It’s Sunday morning and while sitting comfortably, I’m watching lastnight’s session from the European Athletics. Just finished is the women’s 5000m final and a mighty impressive run, following the 10,000m race earlier in the week, from Jo Pavey. Incase you didn’t know (unlikely) she’s 40. So once again I’m reminded that it’s never too late…
I’m also reminded, perhaps by the close up shots of gritting teeth, of those moments where your body is screaming ‘go on without me, I’m holding you back. Go on!’ As if it believes it really is separate from the thing that brought you here – your head.
And so to my journeys on the bike from this past week. My commute is 25km each way from the dry of my temporary home, to the dry of my office – Teddington (TW11) to Spitalfields (E1). In this last week, hurricane Bertha’s tail has been taking swipes at London, typically when I take to the saddle to leave my work day in the depths of the city. Now, one thing Ross might not quite realise about me and cycling is that I hate the rain. Hate it. It’s not the wet or even the cold – although both make me feel like death is imminent – it’s the slipping wheels, the wet carbon blocks that once behaved like breaks, and the fact that other road users behave like the apocalypse has arrived and they must make it home to watch their last episode of Coronation Street before the world as we know it, ends.
On Wednesday, within 5 minutes of me setting off, a beautiful, black, cumulonimbus cloud planted itself over head and deloaded. Along with the icy rain, wind struck from every direction. Forget head-wind, this was body-and-bike-wind. Not pleasant when you’re riding with wide wheel rims, believe me. 8k later, the storm had passed and I was able to return to my usual pace, and then some, to warm up again and get this journey over with.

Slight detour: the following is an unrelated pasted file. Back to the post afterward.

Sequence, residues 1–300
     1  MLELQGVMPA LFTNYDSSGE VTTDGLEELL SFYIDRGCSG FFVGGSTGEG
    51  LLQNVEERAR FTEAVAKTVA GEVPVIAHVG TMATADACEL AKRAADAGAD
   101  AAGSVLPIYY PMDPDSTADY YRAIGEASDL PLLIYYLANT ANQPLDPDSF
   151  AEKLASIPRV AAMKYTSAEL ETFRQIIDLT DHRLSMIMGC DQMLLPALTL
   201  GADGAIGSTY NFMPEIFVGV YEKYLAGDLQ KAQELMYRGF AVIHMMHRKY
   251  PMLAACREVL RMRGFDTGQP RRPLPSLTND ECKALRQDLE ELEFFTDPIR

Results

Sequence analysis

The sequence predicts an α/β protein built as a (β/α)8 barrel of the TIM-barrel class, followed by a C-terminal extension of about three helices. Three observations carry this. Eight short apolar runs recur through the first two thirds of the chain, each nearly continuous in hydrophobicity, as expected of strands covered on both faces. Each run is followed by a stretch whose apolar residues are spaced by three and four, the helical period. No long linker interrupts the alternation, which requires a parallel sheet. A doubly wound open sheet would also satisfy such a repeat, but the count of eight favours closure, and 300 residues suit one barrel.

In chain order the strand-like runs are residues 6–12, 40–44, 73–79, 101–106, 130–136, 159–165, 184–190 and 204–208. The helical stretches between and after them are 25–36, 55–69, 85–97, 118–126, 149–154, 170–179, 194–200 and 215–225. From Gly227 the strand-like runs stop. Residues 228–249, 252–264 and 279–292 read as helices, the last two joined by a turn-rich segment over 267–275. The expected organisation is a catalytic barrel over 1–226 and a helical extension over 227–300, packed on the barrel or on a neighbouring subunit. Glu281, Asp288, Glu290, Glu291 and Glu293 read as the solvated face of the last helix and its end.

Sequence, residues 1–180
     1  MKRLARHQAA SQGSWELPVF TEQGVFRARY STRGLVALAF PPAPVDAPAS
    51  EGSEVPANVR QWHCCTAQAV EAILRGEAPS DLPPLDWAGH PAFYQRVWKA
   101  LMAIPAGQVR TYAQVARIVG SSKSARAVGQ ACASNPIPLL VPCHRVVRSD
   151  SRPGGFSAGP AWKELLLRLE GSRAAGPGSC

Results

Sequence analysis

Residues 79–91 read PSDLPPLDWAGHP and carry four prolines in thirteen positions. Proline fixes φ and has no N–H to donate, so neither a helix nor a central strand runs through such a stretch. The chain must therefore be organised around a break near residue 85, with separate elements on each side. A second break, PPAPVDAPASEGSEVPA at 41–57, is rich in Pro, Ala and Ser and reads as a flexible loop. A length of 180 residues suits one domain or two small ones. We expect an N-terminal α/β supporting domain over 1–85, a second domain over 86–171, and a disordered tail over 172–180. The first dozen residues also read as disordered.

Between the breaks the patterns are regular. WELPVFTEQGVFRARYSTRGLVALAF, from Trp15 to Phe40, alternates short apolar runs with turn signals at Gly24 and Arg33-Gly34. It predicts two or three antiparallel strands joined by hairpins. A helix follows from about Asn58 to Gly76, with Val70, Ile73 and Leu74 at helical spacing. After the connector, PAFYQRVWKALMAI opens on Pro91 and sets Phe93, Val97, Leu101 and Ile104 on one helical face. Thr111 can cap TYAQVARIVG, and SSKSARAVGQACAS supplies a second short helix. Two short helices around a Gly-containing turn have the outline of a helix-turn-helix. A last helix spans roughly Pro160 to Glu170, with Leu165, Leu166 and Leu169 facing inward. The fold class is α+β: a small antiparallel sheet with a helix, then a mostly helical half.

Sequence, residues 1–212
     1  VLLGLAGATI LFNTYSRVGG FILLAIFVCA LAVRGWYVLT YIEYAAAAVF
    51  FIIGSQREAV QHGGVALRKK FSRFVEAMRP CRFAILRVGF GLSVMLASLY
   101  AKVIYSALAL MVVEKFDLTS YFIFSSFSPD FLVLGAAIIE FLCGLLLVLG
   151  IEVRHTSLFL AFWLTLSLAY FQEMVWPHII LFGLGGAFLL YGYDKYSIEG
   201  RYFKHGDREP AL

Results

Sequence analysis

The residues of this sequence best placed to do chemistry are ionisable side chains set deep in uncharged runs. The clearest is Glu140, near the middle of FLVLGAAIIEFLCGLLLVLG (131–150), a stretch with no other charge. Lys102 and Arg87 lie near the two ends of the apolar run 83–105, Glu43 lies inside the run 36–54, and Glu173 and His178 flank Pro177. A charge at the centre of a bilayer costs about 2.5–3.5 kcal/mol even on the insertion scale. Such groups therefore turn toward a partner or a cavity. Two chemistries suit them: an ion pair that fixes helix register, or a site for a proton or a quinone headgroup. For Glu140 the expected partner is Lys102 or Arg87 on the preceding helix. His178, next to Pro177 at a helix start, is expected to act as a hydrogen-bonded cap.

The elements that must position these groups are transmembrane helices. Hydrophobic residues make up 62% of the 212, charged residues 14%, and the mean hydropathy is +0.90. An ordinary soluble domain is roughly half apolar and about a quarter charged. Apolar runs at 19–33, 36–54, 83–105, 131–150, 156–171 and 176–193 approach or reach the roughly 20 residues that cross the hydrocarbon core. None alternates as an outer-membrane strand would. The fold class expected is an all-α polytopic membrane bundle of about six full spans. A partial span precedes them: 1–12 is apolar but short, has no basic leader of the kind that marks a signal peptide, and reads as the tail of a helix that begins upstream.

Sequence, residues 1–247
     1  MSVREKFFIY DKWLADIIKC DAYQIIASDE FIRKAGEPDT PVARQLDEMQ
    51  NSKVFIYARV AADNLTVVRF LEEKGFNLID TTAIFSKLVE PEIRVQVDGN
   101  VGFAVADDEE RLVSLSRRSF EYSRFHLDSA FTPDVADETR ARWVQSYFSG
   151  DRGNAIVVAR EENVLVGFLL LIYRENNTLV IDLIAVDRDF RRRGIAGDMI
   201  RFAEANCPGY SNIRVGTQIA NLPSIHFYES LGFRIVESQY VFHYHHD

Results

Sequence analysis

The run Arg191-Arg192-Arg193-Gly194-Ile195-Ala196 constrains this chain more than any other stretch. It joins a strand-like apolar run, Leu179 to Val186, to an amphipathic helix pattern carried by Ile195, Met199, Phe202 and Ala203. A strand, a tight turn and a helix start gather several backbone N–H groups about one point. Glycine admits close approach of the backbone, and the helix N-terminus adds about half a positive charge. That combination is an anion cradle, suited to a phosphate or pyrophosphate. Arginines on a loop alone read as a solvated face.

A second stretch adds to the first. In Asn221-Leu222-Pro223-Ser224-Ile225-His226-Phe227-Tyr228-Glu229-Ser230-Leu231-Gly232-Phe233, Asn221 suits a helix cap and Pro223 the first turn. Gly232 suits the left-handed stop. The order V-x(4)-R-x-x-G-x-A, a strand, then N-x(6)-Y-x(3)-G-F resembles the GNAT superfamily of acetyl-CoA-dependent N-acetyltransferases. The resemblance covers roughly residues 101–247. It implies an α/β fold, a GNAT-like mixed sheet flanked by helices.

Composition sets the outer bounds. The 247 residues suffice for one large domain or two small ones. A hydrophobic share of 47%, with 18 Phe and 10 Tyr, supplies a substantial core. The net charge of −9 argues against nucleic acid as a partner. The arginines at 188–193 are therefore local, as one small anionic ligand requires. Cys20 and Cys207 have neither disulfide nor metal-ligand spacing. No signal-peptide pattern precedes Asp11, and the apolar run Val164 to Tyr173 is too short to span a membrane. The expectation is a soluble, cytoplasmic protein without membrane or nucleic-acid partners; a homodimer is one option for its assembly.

However, my legs felt very odd. Sort of tingly and jelly-like. My arms too felt like that time Marty McFly’s body starts fading in that photo of him and his brother and sister when the course of history starts changing. My head was a little slow, a bit like that time I decided to cycle down the road after a few beers (I say ‘that time’…I mean ‘those times’) and everything looked like it didn’t quite belong. I realised that it was happening… All of the times I’ve talked about it happening to other people and joked about it with Ross, it was happening to me. This was my first bonk.
I refused to believe it for a while – I’m fit, strong and can cycle for hours on end, I told myself. But then I remembered that it had been 5 hours since I’d last eaten (Ross will know this is very unusual for me) and as well as my commute this morning, if been for a little jog at lunch too. So as the minutes passed, my legs continued to fade and every turn of the pedal felt like pushing weights in the gym with fatigued legs. My head felt lighter and lighter and every part of me was now tingling.
I didn’t quite reach the point where my life was flashing before me but I’ve never been so happy to see a costa. I dragged my sorry self and bike inside, gasped and pointed at a granola bar, scrambled for my debit card and shoved it into my mouth. The other patrons looked pretty bemused and in my head, I was communicating with them and letting them know that this was my first bonk, it was never going to be attractive.
As soon as my blood sugar returned to near-normal, I realised I still had another 13k to go. Bugger. I was cold, wet, a little traumatised and desperate for a hot bath. So here we have it; one of those moments where my body is willing me to go on without it. Great.
I turned my thoughts to our Bont Ride and reminded myself that there will be times during that 247mile journey that my body will feel this way. To this I thought, ‘just bloody make sure you’re not riding on an empty stomach’, and ‘you better invest in some good waterproofs’, and ‘this is great training’ and ‘stop being a wimp’. I got back on the saddle and slogged my way back, getting rained on just once more.
In the hot bath I reflected on my body’s protest and realised that actually, it’s not my body that was protesting, it was my head. As it registers that my body is suffering, it tries to convince me that my body can’t do it but actually, just like Jo Pavey and all of those other athletes, our bodies can do anything with the right fuel, practice and faith.
So here’s to the Bont Ride; rain, wind, bonks and mental challenges. Ross, this will be fun!